• Lillian and Mara in the first film of the Subspecies. Mara is the first victim of Radu's, after being buried and rising as an undead later, helps Radu lure out her friend Michelle and capture her. Lillian is kidnapped in the middle of the film and slowly turned by Radu. We actually see her becoming a monster as her transformation finishes while Michelle and she are trying to escape Radu's castle. Lillian instantly turns on Michelle once her fangs form, scaring her right into the arms of Mara. The next scene sees the two dragging Michelle to Radu so he can bite her and even smiling wickedly as they hold her down so she can't escape, pretty much solidifying their loss of humanity. Radu succeeds in turning Michelle but she mostly flip flops on this trope through the series, trying to fight from becoming an all out monster like Radu is though falls off the wagon now and then due to his influence.
  • Very frequent in the Hammer Horror Dracula films
    • Horror of Dracula: Lucy , after becoming a vampire, preys on her niece as one of her first victims.
    • The Brides of Dracula: A village girl and a school teacher, Gina, fall victim to the vampire Baron and instantly become evil upon resurrecting. Though oddly the Baron's mother doesn't succumb to this trope when she is turned.
    • Dracula Prince of Darkness: Helen, the protagonist's sister in law, tries to attack her two remaining family upon becoming undead.
    • Taste The Blood of Dracula: Another character named Lucy is turned and helps Dracula and her hypnotized friend killed her father and later bites her boyfriend.
    • The Satanic Rites of Dracula: All the women in Dracula's cellar were once agents investigating the cult a company had ties with and were captured and turned. In the film we see the secretary of one of the agents, Jane, kidnapped herself and turned by Dracula. When Jessica discovers her in the cellar and tries to free her. Jane bears her fangs and tries to bite her, helping the vampire women knock her down so they can feed on her. She also tries to pull the same trick on her boss as well.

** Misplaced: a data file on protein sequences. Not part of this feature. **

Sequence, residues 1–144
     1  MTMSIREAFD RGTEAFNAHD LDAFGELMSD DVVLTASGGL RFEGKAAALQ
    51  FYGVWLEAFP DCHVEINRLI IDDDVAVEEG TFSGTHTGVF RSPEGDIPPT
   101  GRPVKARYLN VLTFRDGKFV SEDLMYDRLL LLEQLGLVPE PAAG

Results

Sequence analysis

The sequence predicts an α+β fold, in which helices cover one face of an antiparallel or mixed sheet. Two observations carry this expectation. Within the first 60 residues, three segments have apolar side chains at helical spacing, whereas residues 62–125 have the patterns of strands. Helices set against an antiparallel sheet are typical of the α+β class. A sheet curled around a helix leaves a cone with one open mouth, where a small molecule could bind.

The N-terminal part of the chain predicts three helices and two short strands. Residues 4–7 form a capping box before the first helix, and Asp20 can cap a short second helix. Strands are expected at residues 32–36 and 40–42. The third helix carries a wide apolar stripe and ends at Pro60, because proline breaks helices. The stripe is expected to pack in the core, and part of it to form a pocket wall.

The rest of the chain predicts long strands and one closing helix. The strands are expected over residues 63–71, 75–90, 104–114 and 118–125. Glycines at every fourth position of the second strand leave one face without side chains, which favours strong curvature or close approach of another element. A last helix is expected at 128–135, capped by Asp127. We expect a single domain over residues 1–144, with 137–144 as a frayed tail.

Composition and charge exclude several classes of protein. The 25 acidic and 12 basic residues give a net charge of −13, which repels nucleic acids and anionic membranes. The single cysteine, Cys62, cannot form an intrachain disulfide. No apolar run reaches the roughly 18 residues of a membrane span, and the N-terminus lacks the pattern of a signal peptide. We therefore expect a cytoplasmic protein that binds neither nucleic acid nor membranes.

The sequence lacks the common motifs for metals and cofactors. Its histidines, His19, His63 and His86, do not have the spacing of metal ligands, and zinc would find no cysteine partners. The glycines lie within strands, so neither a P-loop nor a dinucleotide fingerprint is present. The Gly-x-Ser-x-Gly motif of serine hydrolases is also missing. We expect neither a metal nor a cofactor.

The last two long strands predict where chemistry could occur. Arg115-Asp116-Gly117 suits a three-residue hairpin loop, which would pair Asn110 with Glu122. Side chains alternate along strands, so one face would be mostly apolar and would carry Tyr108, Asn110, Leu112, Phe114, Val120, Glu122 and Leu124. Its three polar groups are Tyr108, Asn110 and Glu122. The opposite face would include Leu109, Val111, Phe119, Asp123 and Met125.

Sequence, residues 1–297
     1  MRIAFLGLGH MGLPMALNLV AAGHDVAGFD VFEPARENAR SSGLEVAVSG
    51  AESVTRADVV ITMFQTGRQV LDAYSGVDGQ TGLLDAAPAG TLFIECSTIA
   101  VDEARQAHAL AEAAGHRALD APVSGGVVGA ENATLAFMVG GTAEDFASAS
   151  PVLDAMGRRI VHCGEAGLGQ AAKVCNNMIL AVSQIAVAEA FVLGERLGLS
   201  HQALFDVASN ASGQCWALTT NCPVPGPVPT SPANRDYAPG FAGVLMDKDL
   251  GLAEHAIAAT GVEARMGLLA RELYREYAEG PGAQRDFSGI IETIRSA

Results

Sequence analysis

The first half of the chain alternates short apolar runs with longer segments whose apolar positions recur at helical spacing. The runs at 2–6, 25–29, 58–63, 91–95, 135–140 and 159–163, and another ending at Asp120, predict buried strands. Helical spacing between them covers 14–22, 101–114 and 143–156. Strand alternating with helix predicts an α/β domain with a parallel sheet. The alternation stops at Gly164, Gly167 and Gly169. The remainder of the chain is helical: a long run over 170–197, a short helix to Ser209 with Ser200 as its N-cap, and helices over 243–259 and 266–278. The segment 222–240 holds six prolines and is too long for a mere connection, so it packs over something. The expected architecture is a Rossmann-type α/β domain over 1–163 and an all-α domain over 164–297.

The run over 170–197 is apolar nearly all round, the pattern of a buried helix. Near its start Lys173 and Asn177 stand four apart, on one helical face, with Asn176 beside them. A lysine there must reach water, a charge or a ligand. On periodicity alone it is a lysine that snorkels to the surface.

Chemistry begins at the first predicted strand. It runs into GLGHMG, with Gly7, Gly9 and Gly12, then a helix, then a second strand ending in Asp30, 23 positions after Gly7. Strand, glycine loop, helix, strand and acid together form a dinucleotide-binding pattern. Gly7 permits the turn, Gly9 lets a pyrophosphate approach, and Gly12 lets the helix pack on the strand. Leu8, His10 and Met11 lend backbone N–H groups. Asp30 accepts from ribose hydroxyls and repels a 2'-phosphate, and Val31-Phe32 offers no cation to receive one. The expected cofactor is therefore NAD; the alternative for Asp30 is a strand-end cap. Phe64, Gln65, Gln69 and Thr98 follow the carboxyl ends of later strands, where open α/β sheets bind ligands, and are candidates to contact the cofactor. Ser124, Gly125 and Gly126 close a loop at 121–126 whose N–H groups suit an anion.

• In Dracula 2000, gives us the three Dracula's brides of the film. While the first two are somewhat dubious (Solina was a thief as a human and seem to gleefully relish being a vampire. We don't know much about Valrie as she just a reporter in the wrong place at the wrong time). Lucy fits the trope well as she was a roomate of Drac's main target Mary and the two got along well. Once she was turned however, she had no reservations on attacking Mary with the other two brides.


  • Usually averted by Alastair Reynolds, but his most recent Revelation Space prequel, The Prefect, includes Aurora, the only survivor of the Eighty experimental subjects who were uploaded into computers. Some trauma was involved (like seeing all her fellow Transmigrants freeze or crash), but basically she decides her survival trumps everyone else's and plots to kill everyone in the Glitter Band habitats for safety.
  • In The Dresden Files all the vampire courts appear to have this to a greater or lesser degree. When the Red Court fully transform the human part of them dies entirely, though the physical form is still used as a "flesh mask" by the creature within. However they don't cross over until they kill a human and their blood, and several members of the organization dedicated to fighting the Red Court are Vampire Refugees. The Black Court are Dracula style vampires, but little is mentioned about how they reproduce except that they do it fast, which does imply a pretty complete transformation. The White Court are the least hit by it. They end up sharing their body with a demonic Hunger that heavily influences them, but it is possible to fight against it. They're also a family, so it's more a matter of accepting the family business than a 180 degree allegiance switch.
  • In Known Space if an hominid above a certain age eats from the Tree of Life it becomes a Protector where they enter true adulthood and have a massive amount of changes, making it stronger, faster, more resistant to damage, and granting it super-human intelligence. A Protector is compelled to protect his genetic lineage, and his species from any possible harm. As a matter of course, Protectors exterminate any nearby alien species on the grounds that they might become a threat.